Spider-Man: Into the Spider-Verse
They screened this movie for the critics on a Saturday afternoon. I already had a commitment I couldn’t get out of, so I skipped it. I’m so burned out on superhero films anyway, especially Spider-Man. Although, I loved Spider-Man: Homecoming, so…despite the fact that it’s been rebooted three different times, if they give us a good film, I’m on board. And that’s what they did here. I finally got a chance to see it at the Reading Town Square, and it blew my mind. It was a hip, fresh take. The pop-art animation was beautiful. The message of the film was sweet.
In the beginning, when we see a young kid walking through Brooklyn to get to school, with a swagger like Tony Manero in Saturday Night Fever…only to be picked up by the cops (well, his dad that’s an officer), and given a ride to school. The father tells the son he loves him and as he walks out of the squad car with his books, the dad turns on the loudspeaker to say “Say it back. Tell me you love me, too.”
At that point, I realized we were in for something very special with this film.
And when the movie felt like a comic book come to life on screen, with dazzling CGI, I was sitting there mesmerized. Not to mention, all the humor worked perfectly.
Move over Peter Parker, there’s a new sheriff…errr…new Spider-Man in town. His name is Miles Morales (Shameik Moore), and he’s half Latino, half black…and he can fight crime and spray paint walls like the best of him (some of his tagging is even compared to Banksy).
He’s bitten by a radioactive spider while tagging a wall that his shady uncle has found (since he’s gotten into trouble with his dad for tagging various places around the city).
When Morales goes back to find the spider that bit him, he witnesses the real Spider-Man fighting Kingpin (Liev Shreiber). It doesn’t end so well for Parker, and the Kingpin has opened up a portal to other dimensions, which means other Spidey folks appear. There are seven Spider-Men…well, 5 Spider-men, 1 Spider-Woman, and a Spider-Pig. I know, just reading that sentence has probably turned off anybody that isn’t a fan boy, but trust me…they’re all amazing. The voice work is terrific, and includes Jake Johnson (go find his movie Safety Not Guaranteed) as the overweight, unshaven Spider-Man that’s invested in restaurants that have gone belly up and has divorced M.J. because she wants kids. The always funny John Mulaney was the Spider-Pig, Hailee Steinfeld is Spider-Woman, and Nicolas Cage, who always wanted to play Superman…plays the black-and-white noir Spider-Man from the ‘30s who talks like a private eye from that time. Perhaps the least believable element in this picture is trying to believe that Cage would be able to figure out how to finish a Rubik’s Cube.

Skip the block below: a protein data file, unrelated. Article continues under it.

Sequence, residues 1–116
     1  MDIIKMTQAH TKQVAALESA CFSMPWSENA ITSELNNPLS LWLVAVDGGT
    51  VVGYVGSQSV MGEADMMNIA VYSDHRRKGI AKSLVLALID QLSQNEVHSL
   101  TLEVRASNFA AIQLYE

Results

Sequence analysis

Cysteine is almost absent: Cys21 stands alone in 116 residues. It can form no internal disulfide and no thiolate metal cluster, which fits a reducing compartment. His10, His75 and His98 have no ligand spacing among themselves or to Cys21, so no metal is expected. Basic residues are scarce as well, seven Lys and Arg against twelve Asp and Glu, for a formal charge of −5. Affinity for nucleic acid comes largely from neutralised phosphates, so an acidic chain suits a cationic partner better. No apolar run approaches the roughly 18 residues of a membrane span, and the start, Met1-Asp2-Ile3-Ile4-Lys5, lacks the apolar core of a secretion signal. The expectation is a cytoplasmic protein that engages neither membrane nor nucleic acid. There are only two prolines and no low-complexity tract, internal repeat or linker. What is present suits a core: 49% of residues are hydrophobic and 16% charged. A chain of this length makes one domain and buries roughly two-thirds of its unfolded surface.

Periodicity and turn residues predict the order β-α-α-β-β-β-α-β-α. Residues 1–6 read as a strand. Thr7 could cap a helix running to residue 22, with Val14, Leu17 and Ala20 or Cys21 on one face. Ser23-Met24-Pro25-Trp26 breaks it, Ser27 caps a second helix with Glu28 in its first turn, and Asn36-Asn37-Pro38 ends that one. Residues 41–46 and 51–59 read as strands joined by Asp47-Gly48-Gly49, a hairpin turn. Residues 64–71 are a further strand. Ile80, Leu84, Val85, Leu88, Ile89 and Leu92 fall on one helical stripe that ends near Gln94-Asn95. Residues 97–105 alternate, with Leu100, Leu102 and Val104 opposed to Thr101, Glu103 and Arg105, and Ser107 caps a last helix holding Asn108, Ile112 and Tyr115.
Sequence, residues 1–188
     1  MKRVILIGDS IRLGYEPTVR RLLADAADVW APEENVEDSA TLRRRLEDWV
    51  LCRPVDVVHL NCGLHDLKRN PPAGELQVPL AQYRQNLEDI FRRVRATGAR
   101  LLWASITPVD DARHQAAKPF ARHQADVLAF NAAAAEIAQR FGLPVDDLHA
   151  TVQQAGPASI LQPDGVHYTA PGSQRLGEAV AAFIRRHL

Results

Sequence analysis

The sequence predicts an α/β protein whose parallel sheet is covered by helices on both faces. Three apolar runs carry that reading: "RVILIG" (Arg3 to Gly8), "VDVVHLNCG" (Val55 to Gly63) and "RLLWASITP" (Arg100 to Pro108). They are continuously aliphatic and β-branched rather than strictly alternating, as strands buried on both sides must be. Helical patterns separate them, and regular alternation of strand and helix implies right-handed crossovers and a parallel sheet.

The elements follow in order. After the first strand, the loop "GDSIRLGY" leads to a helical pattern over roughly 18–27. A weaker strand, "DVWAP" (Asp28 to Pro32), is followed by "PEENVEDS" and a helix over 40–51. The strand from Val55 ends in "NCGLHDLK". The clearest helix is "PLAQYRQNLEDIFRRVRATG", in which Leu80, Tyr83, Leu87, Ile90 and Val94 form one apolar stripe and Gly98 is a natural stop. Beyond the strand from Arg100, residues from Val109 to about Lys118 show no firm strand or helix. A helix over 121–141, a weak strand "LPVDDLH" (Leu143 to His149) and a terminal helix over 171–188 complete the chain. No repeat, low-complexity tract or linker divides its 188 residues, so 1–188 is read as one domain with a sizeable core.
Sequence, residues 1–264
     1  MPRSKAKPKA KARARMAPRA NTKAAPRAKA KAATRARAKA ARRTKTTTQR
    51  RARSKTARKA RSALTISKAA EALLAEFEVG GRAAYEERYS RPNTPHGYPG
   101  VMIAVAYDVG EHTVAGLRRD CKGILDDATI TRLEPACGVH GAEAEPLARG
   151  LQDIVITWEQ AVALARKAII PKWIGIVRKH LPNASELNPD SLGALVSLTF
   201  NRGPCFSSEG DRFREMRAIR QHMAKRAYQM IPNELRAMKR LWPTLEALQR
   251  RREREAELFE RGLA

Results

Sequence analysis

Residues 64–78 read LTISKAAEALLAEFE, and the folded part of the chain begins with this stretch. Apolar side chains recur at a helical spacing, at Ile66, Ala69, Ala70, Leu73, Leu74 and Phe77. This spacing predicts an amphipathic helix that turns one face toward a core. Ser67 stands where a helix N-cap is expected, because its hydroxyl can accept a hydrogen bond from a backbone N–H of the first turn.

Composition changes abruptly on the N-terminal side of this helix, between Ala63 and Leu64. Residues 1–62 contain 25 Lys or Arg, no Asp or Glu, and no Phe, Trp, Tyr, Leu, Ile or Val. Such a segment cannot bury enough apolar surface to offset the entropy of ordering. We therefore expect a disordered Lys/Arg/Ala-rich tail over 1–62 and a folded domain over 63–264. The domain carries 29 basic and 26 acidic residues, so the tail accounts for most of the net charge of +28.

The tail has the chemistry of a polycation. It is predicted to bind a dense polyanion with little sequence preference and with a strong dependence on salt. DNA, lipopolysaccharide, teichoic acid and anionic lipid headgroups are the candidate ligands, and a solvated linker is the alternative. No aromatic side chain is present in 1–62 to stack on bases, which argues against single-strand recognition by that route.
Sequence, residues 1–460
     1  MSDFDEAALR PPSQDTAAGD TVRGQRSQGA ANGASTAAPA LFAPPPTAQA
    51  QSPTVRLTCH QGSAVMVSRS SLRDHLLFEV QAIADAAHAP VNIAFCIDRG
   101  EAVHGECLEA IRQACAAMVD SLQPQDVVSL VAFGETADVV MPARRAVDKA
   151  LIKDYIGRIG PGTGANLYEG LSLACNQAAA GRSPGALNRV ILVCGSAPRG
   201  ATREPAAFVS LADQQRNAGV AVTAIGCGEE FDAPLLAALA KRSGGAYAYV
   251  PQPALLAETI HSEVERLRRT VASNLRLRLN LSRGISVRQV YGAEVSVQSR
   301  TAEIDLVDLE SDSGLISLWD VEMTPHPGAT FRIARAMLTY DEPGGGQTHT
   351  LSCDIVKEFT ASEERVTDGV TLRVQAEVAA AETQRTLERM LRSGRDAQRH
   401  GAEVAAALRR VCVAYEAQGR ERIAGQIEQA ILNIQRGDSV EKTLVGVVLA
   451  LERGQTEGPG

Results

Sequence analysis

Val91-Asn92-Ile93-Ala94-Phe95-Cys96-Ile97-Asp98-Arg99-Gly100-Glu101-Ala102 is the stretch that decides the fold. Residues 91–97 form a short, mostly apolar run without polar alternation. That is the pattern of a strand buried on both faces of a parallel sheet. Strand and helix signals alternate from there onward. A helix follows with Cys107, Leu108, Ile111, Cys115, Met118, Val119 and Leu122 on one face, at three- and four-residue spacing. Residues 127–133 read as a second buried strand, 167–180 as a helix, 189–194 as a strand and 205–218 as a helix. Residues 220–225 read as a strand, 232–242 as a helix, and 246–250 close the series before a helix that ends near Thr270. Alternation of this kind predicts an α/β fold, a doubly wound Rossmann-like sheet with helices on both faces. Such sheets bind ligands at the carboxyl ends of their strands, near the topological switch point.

The always welcome Kathryn Hahn plays Doctor Octopus, and Lily Tomlin voices Aunt May. She feels much more like an aunt than Marisa Tomei, but that’s another complaint for another day. You’ll also hear Mahershala Ali, Brian Tyree Henry, Chris Pine, and Zoe Kravitz. But perhaps the best voice you’ll hear is that of the late creator — Stan Lee. His animated “cameo” brought tears to my eyes (as did the tribute to him in the closing credits). This film probably made him so proud, as it felt like it perfectly conveyed exactly what the Spider-Man character, and comic books, should.
Explaining the premise is probably not a great selling point to the film, but basically…Morales needs to stop the Kingpin, who wants to bring his dead family back using the portals. That will kill people currently living in New York, so the spider crew needs to stop him, as well as get back to their own universes.
Speaking of the crew, it’s funny how when we’re quickly shown each backstory, we think we know where it’s going (bitten by a radioactive spider, saving the planet, etc.), but you’re in for some fun surprises. It also quickly does this, so we’re not bored with the minutiae of it all.
I have music-loving friends that try to claim albums are better than CDs because they’re warmer, and they like to hear the occasional pop of the needle on the record. Well, I don’t necessarily agree with that, but I did love when I was looking at the menacing cop/father character, bitching about how Spider-Man is a vigilante and he doesn’t agree with how he does things…and I noticed printing dots on his face and body. So instead of just occasionally showing us panels coming to life, and speech bubbles above their heads, small details like that were just wonderful to catch. It truly was a comic book come to life.
The hip-hop you hear (Nicki Minaj, Post Malone, Notorious B.I.G.) fits the story perfectly.
Many, many critics are calling this the best superhero movie ever, or the best Spider-Man film ever. It’s neither, but…it certainly warrants the hype and all the accolades it’s getting. It has a lot of heart, and a lot of laughs. It’s the perfect film to bring the whole family to.
It was about two hours long, and I wouldn’t have minded spending another hour with Miles Morales.
3 ½ stars out of 5.